We hear a lot in the news about the Antarctic ice sheet melting – but other than climate change, it’s hard to imagine what else threatens a place so cold, so remote, and so seemingly barren. What other ecological protection could the southern continent possibly need? But Antarctica is…a really weird place. No single country “owns” or governs Antarctica, so decisions about conservation are a huge challenge that involve diplomacy and cooperation. On today’s show, we learn about polar history and the recent fight to save the surprisingly biodiverse waters of Antarctica’s Ross Sea.
How did life begin on Earth? Curiously, scientists often search for the answer on other planets or moons in our solar system. After all, if we want to see whether our theories are right, we need to find another example of life somewhere. The search has taken us to some strange places seemingly frozen in time that give us hints to what Earth looked like billions of years ago when life first appeared in the geologic record: places like Mars that show evidence of fossil oceans, and places like Saturn’s moon, Enceladus, that show evidence of liquid water oceans containing organic READ MORE
When we think of space, we typically think of beautiful images taken by powerful telescopes and interplanetary rovers. We think of the rings around Saturn; the giant red spot on Jupiter; or Martian rover selfies. But what does the surface of Mars sound like? What haunting melody should we expect from our Sun? And what do these sounds teach us about our cosmic neighborhood? On today’s episode, producer Miles Traer takes us READ MORE
Listen up, because you never know when a sound will change your life. Acoustic ecologist Gordon Hempton tells us the story of how he became “The Soundtracker,” an unorthodox career choice that has led him around the planet three times in pursuit of the last pristine soundscapes. Journey along with Hempton from tropical jungles to the frozen North as he records the music from the solar-powered jukebox that is Earth.
Image adapted from Randy Storey
This episode was produced by Leslie Chang, Mike Osborne, and Miles Traer.
Additional music by Kevin MacLeod (License available here)
As cities continue to grow, scientists are trying to define the “Urban Equation” – a mathematical expression that defines not just a group of buildings, but a complex network of physical and social interactions. Why? Because our cities control previously elusive aspects of human evolution. To understand our cities is to understand us. In this episode, Luis Bettencourt and Tyler Nordgren discuss various elements of the urban equation. We see how complex networks give rise to creativity; how to break an urban metropolis down into a series of mathematical symbols; and how our cities are dramatically affecting a cultural connection reaching back nearly 400 years.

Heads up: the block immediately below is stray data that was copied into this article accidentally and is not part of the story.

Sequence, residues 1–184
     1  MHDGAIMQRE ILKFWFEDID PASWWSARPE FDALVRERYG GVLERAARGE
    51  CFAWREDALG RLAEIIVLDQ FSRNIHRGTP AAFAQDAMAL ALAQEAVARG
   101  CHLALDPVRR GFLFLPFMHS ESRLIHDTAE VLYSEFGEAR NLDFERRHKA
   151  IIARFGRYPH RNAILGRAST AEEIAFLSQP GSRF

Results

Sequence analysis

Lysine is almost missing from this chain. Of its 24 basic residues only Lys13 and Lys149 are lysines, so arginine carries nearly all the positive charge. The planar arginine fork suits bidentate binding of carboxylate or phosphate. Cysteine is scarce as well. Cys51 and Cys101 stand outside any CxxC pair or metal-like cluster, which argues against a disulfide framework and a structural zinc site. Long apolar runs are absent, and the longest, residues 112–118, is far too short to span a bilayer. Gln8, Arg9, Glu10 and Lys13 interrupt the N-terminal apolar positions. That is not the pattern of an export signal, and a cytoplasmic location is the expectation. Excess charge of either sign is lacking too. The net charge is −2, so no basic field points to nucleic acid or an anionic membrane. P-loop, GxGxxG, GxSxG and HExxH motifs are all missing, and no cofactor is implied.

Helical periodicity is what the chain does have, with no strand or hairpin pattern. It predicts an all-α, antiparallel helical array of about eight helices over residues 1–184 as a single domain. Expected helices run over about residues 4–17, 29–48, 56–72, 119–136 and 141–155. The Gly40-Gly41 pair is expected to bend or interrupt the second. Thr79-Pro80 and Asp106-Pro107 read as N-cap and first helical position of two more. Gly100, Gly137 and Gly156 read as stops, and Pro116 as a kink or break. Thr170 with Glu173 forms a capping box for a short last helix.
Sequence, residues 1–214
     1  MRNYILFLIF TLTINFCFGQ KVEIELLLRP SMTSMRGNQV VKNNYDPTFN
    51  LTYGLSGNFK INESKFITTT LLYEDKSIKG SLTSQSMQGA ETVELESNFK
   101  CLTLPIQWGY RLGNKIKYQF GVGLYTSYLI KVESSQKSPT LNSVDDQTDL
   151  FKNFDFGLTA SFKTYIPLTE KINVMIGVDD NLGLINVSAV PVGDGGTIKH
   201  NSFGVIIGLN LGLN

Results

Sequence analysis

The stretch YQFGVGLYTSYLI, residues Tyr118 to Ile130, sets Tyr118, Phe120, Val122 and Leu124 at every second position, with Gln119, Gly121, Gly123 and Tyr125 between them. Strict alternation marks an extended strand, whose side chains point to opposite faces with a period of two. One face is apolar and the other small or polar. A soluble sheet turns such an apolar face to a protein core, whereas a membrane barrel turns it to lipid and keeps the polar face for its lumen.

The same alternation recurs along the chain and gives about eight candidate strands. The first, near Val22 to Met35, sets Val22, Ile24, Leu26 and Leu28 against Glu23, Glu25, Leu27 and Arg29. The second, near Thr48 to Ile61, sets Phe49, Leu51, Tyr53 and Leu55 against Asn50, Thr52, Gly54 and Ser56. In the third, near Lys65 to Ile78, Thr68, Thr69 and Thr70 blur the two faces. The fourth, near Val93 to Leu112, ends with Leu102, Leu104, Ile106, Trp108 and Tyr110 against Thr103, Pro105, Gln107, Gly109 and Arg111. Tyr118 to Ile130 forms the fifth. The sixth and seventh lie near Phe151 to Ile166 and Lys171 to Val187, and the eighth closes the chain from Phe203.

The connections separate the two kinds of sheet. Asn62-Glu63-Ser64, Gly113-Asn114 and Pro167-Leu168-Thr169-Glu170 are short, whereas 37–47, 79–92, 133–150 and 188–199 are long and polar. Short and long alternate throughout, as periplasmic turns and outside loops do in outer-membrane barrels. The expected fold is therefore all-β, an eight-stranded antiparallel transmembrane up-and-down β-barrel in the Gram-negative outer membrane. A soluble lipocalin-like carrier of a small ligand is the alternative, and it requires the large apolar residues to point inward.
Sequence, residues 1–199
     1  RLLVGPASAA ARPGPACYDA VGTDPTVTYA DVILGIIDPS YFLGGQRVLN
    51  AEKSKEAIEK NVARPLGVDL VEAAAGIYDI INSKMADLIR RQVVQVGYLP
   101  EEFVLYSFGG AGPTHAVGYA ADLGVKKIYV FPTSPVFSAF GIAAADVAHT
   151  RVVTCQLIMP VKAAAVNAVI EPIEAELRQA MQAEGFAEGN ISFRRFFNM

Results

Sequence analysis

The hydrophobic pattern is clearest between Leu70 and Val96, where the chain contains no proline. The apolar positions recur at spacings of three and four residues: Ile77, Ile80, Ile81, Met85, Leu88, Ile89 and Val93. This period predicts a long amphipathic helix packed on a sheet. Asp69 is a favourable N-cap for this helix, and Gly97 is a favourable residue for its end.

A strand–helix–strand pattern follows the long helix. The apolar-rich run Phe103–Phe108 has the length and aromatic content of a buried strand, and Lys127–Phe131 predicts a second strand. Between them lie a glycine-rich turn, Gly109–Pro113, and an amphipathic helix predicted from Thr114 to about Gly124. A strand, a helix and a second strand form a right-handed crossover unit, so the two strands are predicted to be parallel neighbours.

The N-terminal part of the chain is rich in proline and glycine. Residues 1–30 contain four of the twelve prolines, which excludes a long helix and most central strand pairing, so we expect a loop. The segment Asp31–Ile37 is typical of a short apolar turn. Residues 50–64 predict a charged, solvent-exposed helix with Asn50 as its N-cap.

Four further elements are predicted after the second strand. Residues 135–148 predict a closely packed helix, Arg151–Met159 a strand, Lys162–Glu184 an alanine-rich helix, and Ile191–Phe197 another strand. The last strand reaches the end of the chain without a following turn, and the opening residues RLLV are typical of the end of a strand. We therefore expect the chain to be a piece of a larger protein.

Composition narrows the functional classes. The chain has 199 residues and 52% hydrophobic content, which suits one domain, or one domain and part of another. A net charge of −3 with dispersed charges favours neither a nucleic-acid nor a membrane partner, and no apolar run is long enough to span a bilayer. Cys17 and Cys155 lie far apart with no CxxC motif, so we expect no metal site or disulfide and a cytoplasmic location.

A tale of two men and geology on the roof of the world
BY Miles Traer
Part I – Onto the Mountain
I’m sitting in a warm room wearing flannel pajamas with a hot meal in my belly when the title card on the movie fades and the 90-year-old film begins to flicker. The circular aperture is neatly divided along a diagonal line: READ MORE
In the second half of his interview with Gen Anthro, Hari Mix talks about his experiences this past spring in the Himalaya and his summit bid for Lhotse without oxygen. He also sheds some light on the costs of mountaineering, respecting weather conditions on the mountain, and what he learned about his own physical ability and about the way rescue decisions are made on mountains. Finally, Hari shares some of his ideas for potential directions he might take his mountaineering in the future. If you missed the first half of Hari’s interview, you can listen to it here.
I loved hearing about how Hari started climbing mountains, but I’m even more excited for tomorrow’s release of the second half of his interview, in which he talks about his experiences in the Himalaya this past spring. I remember very clearly the day that I learned Hari was planning on climbing Lhotse. It was back in the fall of last year when Mike, Hari, and I met up for lunch one day at a cafe on campus. Actually, Hari had already eaten, so he just sipped on a can of Coke as he explained to us that he wanted to make the summit bid without oxygen, and that he was spending a lot of time getting his gear together and figuring out how to finance his trip. I had never even heard of Lhotse before that, and as we sat there together at the outdoor cafe table, all of us sweating a bit in the sun, surrounded by students eating lunch, it was hard to imagine any experience that was remotely icy or physically strenuous or oxygen-thin. But this is the kind of landscape Hari was going to.
(Photo credit: Hari Mix. Everest/Lhotse base camp.) READ MORE
Today’s episode is the first part of Generation Anthropocene’s interview with Hari Mix, a mountaineer, PhD student, and friend of the producers. In this first half, Hari talks about how he got into mountaineering, and some of his experiences climbing mountains in Colorado and Kazakhstan. He also reflects on a close shave with a collapsed ice bridge in Tajikistan, and on the role of risk in mountaineering. Check back on Friday for part 2 of Hari’s interview, in which he talks about his experience climbing Mt. Lhotse this past spring.